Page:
Blastic plasmacytoid dendritic cell neoplasm (BPDCN, blastic NK-cell lymphoma, agranular CD4+ NK-cell leukemia, blastic NK leukemia/lymphoma, agranular CD4+ CD56+ hematodermic neoplasm) is a rare, highly aggressive tumor that is caused by white blood cells (lymphoma). Reddish-brown nodules or bruise-like lesions on the skin are usually the only sign of the disease. This kind of tumor is treated with chemotherapy and stem cell therapy. The prognosis of patients with BPDCN is poor with a median survival of 12-14 months, although recent successes in stem cell therapy give rise to hope.
In most of the cases, cutaneous lesions or reddish-brown nodules on the skin are usually the only sign of the disease.
This type of cancer is caused by white blood cells called dendritic cells.
From its discovery in 1994 until 2008, the exact cause of the disease was unknown. During this time, different white blood cell types were suggested to cause BPDCN, hence it was frequently renamed (agranular CD4+ natural killer cell leukemia, blastic natural killer leukemia/lymphoma, agranular CD4+CD56+ hematodermic neoplasm). In 2008 the World Health Organization introduced the name “blastic plasmacytoid dendritic cell neoplasm”.
To diagnose BPDCN, a small sample of the tumor tissue is taken from the patient (biopsy). The white blood cells in this tissue are then analyzed to determine, which proteins they express on their surface. This allows for the exact identification of white blood cells causing the disease, which are mutated dendritic cells in the case of BPDCN.
The diagnosis relies on the immunophenotypic features of the malignant cells. Flow cytometry is preferred over immunohistochemical analysis since it allows for the examination of more markers and their intensity determination. Diagnosis rests upon the demonstration of the surface proteins CD4 and CD56, together with markers more restricted to dendritic cells (BDCA-2, CD123, TCL1, CD2AP, BCL11a) and negativity for lymphoid, NK and myeloid lineage-associated antigens.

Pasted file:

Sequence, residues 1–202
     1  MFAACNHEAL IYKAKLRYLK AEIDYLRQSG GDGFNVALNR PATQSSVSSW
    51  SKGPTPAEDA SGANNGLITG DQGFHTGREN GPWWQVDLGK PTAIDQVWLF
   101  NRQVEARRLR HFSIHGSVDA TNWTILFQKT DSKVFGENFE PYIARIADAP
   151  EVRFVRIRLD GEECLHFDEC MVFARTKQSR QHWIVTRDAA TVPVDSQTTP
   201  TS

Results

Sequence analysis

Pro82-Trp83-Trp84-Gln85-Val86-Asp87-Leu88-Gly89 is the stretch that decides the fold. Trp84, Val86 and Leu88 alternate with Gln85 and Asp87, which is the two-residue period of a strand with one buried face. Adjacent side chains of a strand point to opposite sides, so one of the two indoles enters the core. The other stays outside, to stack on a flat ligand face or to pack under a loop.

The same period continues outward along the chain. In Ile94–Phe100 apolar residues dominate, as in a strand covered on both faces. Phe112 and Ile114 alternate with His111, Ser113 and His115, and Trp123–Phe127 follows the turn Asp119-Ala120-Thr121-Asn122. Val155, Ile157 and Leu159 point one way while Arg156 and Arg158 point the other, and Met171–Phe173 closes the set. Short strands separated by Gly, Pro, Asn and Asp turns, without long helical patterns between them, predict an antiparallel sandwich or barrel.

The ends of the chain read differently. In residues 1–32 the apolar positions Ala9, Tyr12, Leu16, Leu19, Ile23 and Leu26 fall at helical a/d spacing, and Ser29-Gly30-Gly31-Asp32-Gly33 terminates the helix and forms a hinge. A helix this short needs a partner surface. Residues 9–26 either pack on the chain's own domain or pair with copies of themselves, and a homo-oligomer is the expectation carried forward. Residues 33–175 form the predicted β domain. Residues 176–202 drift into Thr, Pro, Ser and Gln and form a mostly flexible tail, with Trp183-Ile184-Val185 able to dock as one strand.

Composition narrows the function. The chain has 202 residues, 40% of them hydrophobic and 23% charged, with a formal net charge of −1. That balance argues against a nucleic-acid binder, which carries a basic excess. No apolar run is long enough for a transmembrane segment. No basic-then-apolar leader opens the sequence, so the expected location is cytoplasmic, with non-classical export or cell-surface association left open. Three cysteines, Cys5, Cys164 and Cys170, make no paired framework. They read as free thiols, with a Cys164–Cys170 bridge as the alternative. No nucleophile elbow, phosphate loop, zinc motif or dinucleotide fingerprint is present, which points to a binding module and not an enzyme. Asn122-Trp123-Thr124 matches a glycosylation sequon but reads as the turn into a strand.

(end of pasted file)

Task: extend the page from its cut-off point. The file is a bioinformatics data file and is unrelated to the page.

BPDCN is a rapidly evolving disease. The disease follows a short course and leukemia is the common terminal stage. The prognosis of patients with BPDCN is poor, with a median survival of 12-14 months. Acute lymphoblastic leukemia-type treatment is advised and a promising initial response may occur, but most patients subsequently relapse within a year. Long-term cancer free states (remissions) have been rarely reported in younger patients who received acute leukemia-type induction therapy and allogeneic stem cell transplantation.
Due to its rarity and only recent recognition as a distinct disease, no standardized therapeutic approach has been established for BPDCN. In different studies, a high-dose chemotherapy/radiotherapy followed by allogeneic stem cell transplantation performed after the first complete cancer-free state (remission) offered the highest curative potential. While initial response to therapy may be accomplished with a variety of therapy regimens, sustained remission in adults has only been described in those who underwent allogeneic stem cell transplantation. These promising results indicate that allogeneic transplantation should be considered as front-line therapy for the treatment of this rare malignancy.